Your Baby’s Vaccinations
Immunisations are given to everybody in the UK to protect against diseases, they contain small doses of the bacterium/virus that causes the disease in order for the body to produce antibodies to protect it against future infections. Immunisations are given to babies from 2 months of age because these diseases are more serious in young babies.
Below is a list of immunisations given in the UK up to the age of 4 years, at what stage they should be administered and what the vaccine protects against:
5-in-1 vaccine, also known as the DTaP/IPV/Hib is a single injection to the baby’s thigh that protects against 5 serious diseases; diphtheria, tetanus, whooping cough (pertussis), polio and Hib (haemophilus influenza type b).
Pneumococcal (PCV) vaccine, which protects against pneumococcal infections that can lead to pneumonia, septicaemia (type of blood poisoning) and meningitis.
Rotavirus vaccine, an oral vaccine that protects against the rotavirus which is the most common cause of severe diarrhoea and sickness.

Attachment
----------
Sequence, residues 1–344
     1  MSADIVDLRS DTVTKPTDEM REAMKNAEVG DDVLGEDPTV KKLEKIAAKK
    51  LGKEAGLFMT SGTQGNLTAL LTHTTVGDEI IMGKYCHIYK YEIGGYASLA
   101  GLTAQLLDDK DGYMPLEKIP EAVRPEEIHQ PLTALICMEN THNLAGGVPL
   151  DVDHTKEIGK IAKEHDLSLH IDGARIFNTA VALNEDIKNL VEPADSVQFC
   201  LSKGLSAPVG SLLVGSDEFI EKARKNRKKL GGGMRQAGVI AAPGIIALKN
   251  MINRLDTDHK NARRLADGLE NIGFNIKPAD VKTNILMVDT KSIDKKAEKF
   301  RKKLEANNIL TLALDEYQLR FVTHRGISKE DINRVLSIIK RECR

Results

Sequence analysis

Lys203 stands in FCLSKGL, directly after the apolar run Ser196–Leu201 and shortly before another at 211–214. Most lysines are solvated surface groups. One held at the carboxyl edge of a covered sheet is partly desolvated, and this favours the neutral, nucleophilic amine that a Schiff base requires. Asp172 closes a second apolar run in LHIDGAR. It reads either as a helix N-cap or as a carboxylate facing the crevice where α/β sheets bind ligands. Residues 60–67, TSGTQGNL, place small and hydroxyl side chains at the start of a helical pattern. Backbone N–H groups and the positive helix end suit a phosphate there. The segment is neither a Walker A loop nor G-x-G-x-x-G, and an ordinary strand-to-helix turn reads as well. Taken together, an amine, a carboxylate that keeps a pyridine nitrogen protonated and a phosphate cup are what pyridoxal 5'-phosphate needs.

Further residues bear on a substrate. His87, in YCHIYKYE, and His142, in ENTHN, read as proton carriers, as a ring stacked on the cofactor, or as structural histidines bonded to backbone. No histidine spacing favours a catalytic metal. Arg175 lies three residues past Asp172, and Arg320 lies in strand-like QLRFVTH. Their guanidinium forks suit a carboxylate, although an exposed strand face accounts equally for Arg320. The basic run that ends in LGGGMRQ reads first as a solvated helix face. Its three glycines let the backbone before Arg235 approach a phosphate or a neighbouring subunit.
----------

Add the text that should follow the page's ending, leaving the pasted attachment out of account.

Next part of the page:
5-in-1 vaccine (2nd dose)
Meningitis C (Men C), which protects against bacteria that can cause meningitis (doesn’t protect against meningitis caused by meningococcal group B) and septicaemia.
Rotavirus vaccine (2nd dose)
5-in-1 vaccine (3rd dose)
Pneumococcal (PCV) vaccine (2nd dose)
Between 12 and 13 months
Hib/Men C booster, a single injection containing the Men C (2nd dose) and Hib (forth dose)
Measles, mumps and rubella (MMR) vaccine, a single injection that protects from the three highly infectious, and potentially fatal conditions.
Pneumococcal (PCV) vaccine (3rd dose)
2, 3 and 4 years
Children’s flu vaccine, a single dose nasal spray flu vaccine administered annually
3 years and 4 months (approx.)
Measles, mumps and rubella (MMR) vaccine (2nd dose)
4-in-1 (DTaP/IPV) pre-school booster, this vaccine gives an additional boost to immunity against diphtheria, tetanus, whooping cough and polio.